Note: Where available, the PDF/Word icon below is provided to view the complete and fully formatted document
 Download Full Day's HansardDownload Full Day's Hansard    View Or Save XMLView/Save XML

Previous Fragment    Next Fragment
Tuesday, 1 May 1973
Page: 1539


Mr Lynch asked the Minister for Labour, upon notice:

(1)   What increase in (a) the national wages bill and (b) unit labour costs will be caused by the introduction of equal pay for both sexes.

(2)   What increase in (a) the national wages bill and (b) unit labour costs will be caused by the introduction of equal pay for both sexes in the (i) Commonwealth Public Service, (ii) motor vehicle industry, (iii) fuel and power industries, (iv) iron and steel industries, (v) stevedoring industry, (vi) building and construction industry, and, (vii) retailing industry.

(3)   Can he say what the inflationary effects will be in respect of parts (1) and (2).


Mr Clyde Cameron (HINDMARSH, SOUTH AUSTRALIA) - I am informed that the answer to the honourable member's question is as follows:

(1)   In a decision handed down on 15th December, 1972, in the 1972 Equal Pay Cases the Commonwealth Conciliation and Arbitration Commission adopted the principle of 'equal pay for work of equal value' for female workers employed under its awards and determinations of the Public Service Arbitrator. The Commission defined this principle as the fixation of award wage rates by a consideration of the work performed irrespective of the sex of the worker'. The Commission also decided that equal pay increases would be granted in three equal instalments so that one third is payable not later than 31st December 1973, half the remainder by 30th September 1974, and the balance by 30th June 1975.

The precise cost of applying this principle cannot be assessed with any degree of accuracy as it is impossible to predict in advance the value which industrial tribunals will place on work performed by female workers who have not been awarded equal pay in accordance with principles laid down by the Commission in its 1969 Equal Pay Cases Decision. In addition, there are important deficiencies in the available statistical information which would preclude any precise calculation of the cost.

Nevertheless, in its submissions to the resumed hearings of the National Wage Cases 1972-73 the Commonwealth at the request of the Commission put forward some estimates of the cost of introducing equal pay. These were based on a number of assumptions including the following:

(i)   Equal pay will flow to all females (adult and juniors) not already receiving equal pay whose wages and salaries are normally varied in accordance with awards and agreements of industrial tribunals, but not to other female employees.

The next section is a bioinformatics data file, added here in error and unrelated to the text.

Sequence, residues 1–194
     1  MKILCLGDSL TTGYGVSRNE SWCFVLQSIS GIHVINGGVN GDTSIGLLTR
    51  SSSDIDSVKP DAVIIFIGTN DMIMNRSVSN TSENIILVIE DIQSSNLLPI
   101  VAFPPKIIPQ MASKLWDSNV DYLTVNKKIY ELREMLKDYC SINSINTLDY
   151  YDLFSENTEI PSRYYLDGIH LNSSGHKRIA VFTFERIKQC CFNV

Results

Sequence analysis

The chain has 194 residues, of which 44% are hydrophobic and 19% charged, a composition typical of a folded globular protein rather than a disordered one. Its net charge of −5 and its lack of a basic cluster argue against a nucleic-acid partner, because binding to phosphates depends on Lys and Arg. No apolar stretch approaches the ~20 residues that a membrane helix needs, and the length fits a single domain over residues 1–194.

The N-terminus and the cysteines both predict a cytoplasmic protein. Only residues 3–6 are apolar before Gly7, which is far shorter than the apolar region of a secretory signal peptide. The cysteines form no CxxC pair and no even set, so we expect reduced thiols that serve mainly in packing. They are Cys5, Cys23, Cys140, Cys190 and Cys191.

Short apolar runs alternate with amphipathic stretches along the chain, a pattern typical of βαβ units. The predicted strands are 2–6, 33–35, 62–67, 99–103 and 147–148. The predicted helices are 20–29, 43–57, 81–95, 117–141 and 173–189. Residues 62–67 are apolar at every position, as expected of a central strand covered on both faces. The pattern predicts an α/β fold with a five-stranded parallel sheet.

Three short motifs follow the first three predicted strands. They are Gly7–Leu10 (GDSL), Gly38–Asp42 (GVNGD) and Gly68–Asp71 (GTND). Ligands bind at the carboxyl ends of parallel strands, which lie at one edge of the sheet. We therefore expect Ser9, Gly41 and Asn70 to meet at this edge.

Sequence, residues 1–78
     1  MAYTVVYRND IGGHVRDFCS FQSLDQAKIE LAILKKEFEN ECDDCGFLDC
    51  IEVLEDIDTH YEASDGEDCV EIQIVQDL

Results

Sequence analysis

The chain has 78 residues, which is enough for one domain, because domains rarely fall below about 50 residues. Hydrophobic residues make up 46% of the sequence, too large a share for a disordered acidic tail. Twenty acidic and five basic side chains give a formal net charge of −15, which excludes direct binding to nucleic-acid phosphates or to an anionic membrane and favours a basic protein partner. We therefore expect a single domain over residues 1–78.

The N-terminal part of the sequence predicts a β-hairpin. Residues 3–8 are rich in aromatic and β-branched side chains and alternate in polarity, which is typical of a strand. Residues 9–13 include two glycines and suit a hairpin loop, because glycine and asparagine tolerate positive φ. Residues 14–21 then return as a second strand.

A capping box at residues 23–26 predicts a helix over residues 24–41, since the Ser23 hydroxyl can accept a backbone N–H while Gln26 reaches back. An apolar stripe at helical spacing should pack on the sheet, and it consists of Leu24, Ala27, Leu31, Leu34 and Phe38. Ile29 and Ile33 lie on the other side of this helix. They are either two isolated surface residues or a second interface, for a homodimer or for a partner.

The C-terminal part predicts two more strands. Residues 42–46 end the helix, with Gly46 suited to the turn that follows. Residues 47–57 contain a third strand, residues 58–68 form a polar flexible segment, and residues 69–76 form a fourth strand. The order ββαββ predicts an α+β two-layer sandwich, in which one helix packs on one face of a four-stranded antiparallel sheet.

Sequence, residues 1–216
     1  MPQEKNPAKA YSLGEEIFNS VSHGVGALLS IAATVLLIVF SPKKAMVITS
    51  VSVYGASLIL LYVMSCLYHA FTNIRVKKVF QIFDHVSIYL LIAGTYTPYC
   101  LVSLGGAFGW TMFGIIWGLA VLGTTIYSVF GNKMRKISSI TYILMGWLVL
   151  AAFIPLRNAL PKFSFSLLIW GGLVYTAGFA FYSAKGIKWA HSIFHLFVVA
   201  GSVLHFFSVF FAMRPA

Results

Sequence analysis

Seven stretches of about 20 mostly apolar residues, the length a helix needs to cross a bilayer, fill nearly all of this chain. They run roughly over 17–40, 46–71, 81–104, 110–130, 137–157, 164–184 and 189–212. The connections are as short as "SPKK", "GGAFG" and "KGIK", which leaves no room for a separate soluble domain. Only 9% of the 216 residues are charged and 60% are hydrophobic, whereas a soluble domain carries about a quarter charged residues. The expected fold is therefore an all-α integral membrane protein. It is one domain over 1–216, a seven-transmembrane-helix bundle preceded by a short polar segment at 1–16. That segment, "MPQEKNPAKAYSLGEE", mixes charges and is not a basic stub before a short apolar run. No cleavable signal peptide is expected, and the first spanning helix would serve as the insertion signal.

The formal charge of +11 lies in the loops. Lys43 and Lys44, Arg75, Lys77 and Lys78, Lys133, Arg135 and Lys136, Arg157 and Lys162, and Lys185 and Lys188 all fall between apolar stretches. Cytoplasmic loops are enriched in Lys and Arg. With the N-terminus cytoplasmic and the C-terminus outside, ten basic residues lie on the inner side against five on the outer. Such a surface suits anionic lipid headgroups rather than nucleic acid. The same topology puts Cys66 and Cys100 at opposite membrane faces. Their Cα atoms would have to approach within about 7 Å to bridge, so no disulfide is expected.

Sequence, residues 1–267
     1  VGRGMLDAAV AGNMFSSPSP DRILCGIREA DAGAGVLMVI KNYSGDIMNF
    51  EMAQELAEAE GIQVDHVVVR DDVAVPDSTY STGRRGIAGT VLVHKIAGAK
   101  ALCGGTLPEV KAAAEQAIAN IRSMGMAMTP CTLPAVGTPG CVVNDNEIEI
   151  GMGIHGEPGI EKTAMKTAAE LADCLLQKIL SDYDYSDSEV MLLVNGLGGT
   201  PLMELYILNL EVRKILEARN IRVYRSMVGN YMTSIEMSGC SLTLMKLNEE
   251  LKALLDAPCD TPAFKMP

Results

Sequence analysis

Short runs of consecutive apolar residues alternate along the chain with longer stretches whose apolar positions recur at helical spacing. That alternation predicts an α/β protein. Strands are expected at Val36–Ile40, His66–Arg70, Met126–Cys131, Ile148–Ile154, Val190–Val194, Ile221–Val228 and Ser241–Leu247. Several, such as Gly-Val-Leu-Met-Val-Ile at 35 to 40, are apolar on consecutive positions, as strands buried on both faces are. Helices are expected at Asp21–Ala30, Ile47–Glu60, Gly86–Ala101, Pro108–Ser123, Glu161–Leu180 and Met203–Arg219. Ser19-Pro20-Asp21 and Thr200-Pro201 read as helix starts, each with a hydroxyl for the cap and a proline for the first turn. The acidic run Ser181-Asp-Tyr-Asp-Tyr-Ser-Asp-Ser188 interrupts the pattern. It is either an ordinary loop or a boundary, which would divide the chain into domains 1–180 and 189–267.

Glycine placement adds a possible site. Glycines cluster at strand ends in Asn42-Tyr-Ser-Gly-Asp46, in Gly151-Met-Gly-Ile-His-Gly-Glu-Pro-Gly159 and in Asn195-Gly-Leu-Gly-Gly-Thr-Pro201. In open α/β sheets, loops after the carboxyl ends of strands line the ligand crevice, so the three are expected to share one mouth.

(ii)   On average females not already receiving equal pay will receive a pay increase equivalent to the differential that existed immediately prior to the introduction of the total wage between male and female basic wage rates and adjusted for subsequent increases to the total wage granted in National Wage Cases.

It was estimated that the introduction of equal pay for work of equal value in Federal awards would add in the first year $50.4m or 0.2 per cent to the annual wages bill. When fully introduced, the cumulative increase in the national wages bill would be approximately $151. 2m or 0.7 per cent.

Because the States of New South Wales, South Australia, Western Australia and Tasmania (in respect of Crown employees only) have legislation governing the conditions for the granting of equal pay for females employed under their respective State awards, it cannot be assumed that the recent Equal Pay Decision of the Commonwealth Conciliation and Arbitration Commission will flow to female workers employed under State awards in these States. However, if the principle of equal pay for work of equal value were applied in both Federal and State awards under the same conditions as determined by the Commission in its recent decision the national wages bill would be increased by approximately $149. lm or 0.7 per cent in the first year and by approximately $447.2m or 2.0 per cent when the principle is fully introduced. These estimates are based on the same assumptions as indicated in (i) and (ii) above.

If the introduction of equal pay bad no effect on productivity the estimated increase in unit labour costs would be of the same order as the estimated increase in the national wages bill. <2) It is estimated that the application of the Commission's recent equal pay decision in the Commonwealth Public Service would increase the wages bill in the Service by approximately $15m. This would be equivalent to an increase of .07 per cent in the national wages bill. As with the other estimates it must be noted that this figure is based on a number of assumptions and should therefore be taken as representing a rough order of magnitude only. The necessary statistical information to enable useful estimates to be made in respect of industries referred to in parts (ii) to (vii) of the question is not available.

(3)   For reasons given in the answers to parts (1) and (2) and because of the uncertain relationship between unit labour cost increases and _ price Increases, no precise assessment of the inflationary impact is possible. However, it is considered that any cost effects would be within the capacity of the economy.







Suggest corrections